Undertaker to the Afghan Taliban in Kandahar
- 26 March 2012
- From the section Magazine
Undertaker Abdul Hakim has a unique role in the southern Afghan province of Kandahar, the birthplace of the Taliban and their fugitive leader Mullah Mohammad Omar.
He is the only man trusted by the militants to retrieve their dead fighters killed in battle with Nato and Afghan forces. He also returns the bodies of soldiers killed in Taliban-held territory.
Over the past six years, he has ferried scores and scores of corpses between the government and the militants as the war has worsened. And he has buried many others that went unclaimed.
Mr Hakim, with his long white beard, white turban and baggy shalwar kameez, knows what the waiting and grief is like for relatives of the dead - he too has experienced the despair of waiting to get bodies of loved ones back.
His two sons and a son-in-law were killed by Taliban insurgents and Mr Hakim had to wait 14 long, painful days to get their bodies.
Now he is first to hear from Taliban commanders looking for their dead.
To help him in his task, the Taliban have given him a letter allowing him to travel between government-controlled areas and Taliban-held territory.
After Mr Hakim gets a call from the Taliban, he visits the provincial morgue - if a dead Taliban fighter is there, he puts the body in a yellow taxi wagon and takes it to the insurgents.
Mr Hakim, 65, says the local Taliban first asked him nearly six years ago to help retrieve the body of one of their comrades.
He showed the district authorities his volunteer member card for the Afghan Red Crescent - the local counterpart to the ICRC - and then he was given the body.
Soon after, local authorities in Kandahar's Zheray district asked him to retrieve the bodies of five pro-government forces who had been killed on the battle field. The Taliban let him do so.
After that, he became trusted by both sides.
"In total so far I have retrieved 250 bodies - 127 were Taliban, 28 civilians and the rest were on the government side," says Mr Hakim, who is also known as Malik Kako. Malik is the name traditionally given to an elder who has a great deal of autonomy in a village or district.
Mr Hakim says he is trusted by both sides, has letters from both and thus he can travel easily.
Both Nato-led troops and Afghan forces bring dead Taliban fighters to Mirwais public hospital in Kandahar. The bodies are kept in the morgue's refrigerator for up to two months.
"If no-one claims a body, then I bury it in a cemetery in Zheray district," says Mr Hakim.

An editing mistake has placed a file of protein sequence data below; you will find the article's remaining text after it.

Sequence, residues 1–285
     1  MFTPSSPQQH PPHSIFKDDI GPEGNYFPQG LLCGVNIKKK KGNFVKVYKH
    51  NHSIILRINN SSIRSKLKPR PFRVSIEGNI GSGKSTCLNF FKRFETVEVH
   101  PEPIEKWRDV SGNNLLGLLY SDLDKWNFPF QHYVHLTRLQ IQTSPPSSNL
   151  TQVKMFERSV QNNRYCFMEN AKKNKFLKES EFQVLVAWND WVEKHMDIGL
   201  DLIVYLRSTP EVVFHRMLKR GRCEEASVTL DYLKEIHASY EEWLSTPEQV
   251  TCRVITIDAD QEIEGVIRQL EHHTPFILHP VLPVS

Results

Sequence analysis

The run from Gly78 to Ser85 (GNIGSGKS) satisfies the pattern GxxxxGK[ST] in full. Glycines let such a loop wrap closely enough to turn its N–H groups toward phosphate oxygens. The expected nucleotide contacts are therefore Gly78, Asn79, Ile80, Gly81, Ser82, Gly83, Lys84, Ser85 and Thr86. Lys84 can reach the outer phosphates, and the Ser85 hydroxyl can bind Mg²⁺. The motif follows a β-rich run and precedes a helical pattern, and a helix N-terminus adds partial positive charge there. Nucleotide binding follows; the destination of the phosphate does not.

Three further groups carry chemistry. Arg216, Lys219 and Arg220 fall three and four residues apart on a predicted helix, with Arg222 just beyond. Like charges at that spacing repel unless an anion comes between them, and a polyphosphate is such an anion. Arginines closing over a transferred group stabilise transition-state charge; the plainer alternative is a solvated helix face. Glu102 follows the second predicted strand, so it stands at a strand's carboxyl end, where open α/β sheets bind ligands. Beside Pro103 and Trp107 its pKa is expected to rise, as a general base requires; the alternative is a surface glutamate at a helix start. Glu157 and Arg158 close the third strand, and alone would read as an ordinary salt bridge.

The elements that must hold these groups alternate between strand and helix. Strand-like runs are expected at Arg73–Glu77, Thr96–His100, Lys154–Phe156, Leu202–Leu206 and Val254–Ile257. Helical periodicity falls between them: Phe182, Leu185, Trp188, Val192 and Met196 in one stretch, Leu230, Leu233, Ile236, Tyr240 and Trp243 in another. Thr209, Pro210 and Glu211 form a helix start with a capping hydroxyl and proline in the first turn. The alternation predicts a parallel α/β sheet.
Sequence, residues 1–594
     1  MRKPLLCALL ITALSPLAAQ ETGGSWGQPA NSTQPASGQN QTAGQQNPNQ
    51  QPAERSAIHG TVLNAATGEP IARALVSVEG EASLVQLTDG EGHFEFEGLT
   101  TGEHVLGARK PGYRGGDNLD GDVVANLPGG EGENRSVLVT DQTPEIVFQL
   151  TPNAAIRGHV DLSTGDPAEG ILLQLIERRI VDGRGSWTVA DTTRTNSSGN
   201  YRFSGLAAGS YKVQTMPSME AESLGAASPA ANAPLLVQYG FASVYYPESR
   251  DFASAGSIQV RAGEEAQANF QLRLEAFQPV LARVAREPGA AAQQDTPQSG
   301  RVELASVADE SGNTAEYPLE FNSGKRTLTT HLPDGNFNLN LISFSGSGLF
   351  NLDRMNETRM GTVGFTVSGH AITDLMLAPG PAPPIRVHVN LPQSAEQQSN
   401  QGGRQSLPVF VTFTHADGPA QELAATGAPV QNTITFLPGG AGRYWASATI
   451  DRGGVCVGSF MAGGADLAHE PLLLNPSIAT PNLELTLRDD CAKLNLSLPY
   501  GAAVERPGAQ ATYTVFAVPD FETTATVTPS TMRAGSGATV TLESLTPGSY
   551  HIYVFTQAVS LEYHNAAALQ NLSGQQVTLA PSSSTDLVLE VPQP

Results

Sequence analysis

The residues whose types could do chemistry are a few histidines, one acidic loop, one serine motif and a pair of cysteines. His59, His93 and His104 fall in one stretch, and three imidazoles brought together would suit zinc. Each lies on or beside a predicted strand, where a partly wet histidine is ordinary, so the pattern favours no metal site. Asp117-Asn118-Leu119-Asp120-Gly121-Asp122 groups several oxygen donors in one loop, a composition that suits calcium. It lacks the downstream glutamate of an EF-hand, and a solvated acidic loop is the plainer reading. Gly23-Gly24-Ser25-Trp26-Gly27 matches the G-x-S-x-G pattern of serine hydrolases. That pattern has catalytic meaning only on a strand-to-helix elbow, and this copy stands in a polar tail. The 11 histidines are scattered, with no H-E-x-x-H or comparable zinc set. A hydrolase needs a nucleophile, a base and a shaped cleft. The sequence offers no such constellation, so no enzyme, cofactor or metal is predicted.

But what if relatives of dead Taliban contact him months later?
Mr Hakim has a solution. He uses his mobile phone camera to take photos of the dead bodies before he buries them.
He says he is looking to record things like eye and hair colour, clothes, watches, rings. Scars or other distinctive marks on the face or body can also help relatives identify a body later on.
"If someone is looking for a missing person or a dead body, they contact me, I show them the photos I take on my mobile phone and compare it with the photo they have. If they match, then I take them right to the grave where they are buried," he says.
The ICRC now keeps a file for every dead body that goes unclaimed and employs a photographer to take photos of some of the bodies, he says.
On two occasions, photos he has taken have matched those held by families looking for a missing relative.
Abdul Hakim says he has buried nearly 35 Taliban who were killed in Kandahar city and had no families.
Mohammad Aslam, the man in charge of Mirwais hospital morgue, says only the Afghan police know which of the bodies at the morgue belong to the Taliban and which are civilians.
"The police tell us which bodies belong to Taliban. We don't know. We keep them in the refrigerator. If anyone brings a letter from the police headquarters, we hand over the body, be it a family member with a letter or anyone else," Mr Aslam said.
Dead Taliban are kept in the same morgue as the bodies of Afghan forces or civilians killed by the Taliban. But the difference is in discharging the body from the hospital.
A family member of a civilian or a policeman or soldier has to sign before they are given the body, but for a Taliban body it is Abdul Hakim who signs.
He claims he was even once called by a district chief to help recover the bodies of three American soldiers from a Taliban-controlled area.
"I contacted the Taliban, they agreed and I went with them to a heavily mined area and collected the three American bodies, handed them over to the district chief and he later transferred the bodies to the foreign forces," he says.
Pain of waiting
Mr Hakim's own tale is tragic.
His two sons and a son in-law were driving a water tanker en route to Shawali Kot district when they were attacked by Taliban and killed.
He says he knows the pain of waiting and that is why he helps people to get to see the bodies of their loves who have died.
Mr Hakim says once he had to retrieve 14 Taliban bodies in a single day.
He says every dead body deserves a respectful burial. It is a religious duty of everybody to help families find their loved ones, dead or alive.
Afghanistan has experienced 35 years of war and conflict.
The country has many similar untold stories, stories that no one has written, no one has told, no one has heard.